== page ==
National Catholic Register

News

Why Church Construction Costs More For Catholics Than Protestants

BY Philip S. Moore

September 8-14, 2002 Issue | Posted 9/8/02 at 1:00 AM

 

VANCOUVER, Wash. — When the Assemblies of God's Glad Tidings Church completed its new 52,000-square-foot church here in 1998, the congregation paid slightly less than $5 million.

Less than a mile away, when it is finally completed, the parishioners of Holy Redeemer Parish in suburban Vancouver, Wash., will have spent more than $16 million for their 70,000-square-foot new church.

Across the river in suburban Portland, Ore., the 60,000-square-foot nondenominational Protestant Church of the Good Shepherd is priced at $8-10 million — under $170 per square foot. Across town, the 70,000-square-foot Sunset Presbyterian Church, with a rotating stage, padded pews and an elaborate audiovisual system, is budgeted at $11-12 million — $170 per square foot.

The numbers are starkly revealing.

But a few miles to the north, the Catholic Church of St. John the Evangelist is preparing to replace its aging and small church building with a larger one capable of seating the 1,200-family parish and expanding its parish hall. The cost for this project, encompassing less than 19,000 feet, is $4.3 million, or about $239 per square foot.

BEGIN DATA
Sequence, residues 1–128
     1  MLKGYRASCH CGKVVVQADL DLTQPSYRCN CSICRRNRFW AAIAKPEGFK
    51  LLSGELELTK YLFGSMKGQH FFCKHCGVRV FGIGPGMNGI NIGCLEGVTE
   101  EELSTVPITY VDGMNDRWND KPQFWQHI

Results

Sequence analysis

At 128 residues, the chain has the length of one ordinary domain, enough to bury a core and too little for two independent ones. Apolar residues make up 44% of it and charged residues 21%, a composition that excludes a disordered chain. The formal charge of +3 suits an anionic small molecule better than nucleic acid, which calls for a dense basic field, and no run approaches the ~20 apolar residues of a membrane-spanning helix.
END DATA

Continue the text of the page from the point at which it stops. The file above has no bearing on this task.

In practically every case, when church construction costs are examined, the Catholic church will cost more — usually 50% more per square foot — than the comparable Protestant church.

“It's very frustrating,” said Father Joseph Mitchell, pastor of Holy Redeemer Parish. “You want to build a nice church, something with character that will be an enduring symbol, but then you're talking more money. It's overwhelming.”

Why does it cost so much to build a Catholic church?

Conflicting responsibility, procedural errors, poor cost containment and more than a little monumentalism by parishioners, pastors and architects combine to escalate costs, often beyond the parish's ability to pay.

Meanwhile, the number of inadequately housed parishes continues to increase, as congregations celebrate Mass in school gymnasiums and auditoriums, parish halls, aged and overcrowded church buildings or, in a few cases, suburban strip malls. The Archdiocese of Portland in 1962 had a population of approximately 500,000, with 115 parishes. In 2002, those numbers jumped to 1.8 million Catholics with 125 parishes.

Overlapping responsibility for master plans, design, budgeting and fund-raising goals are where difficulties begin. Parish committees interact with archdiocese design and finance committees, who interact with architects and a variety of fund-raising, design and special-purpose consultants.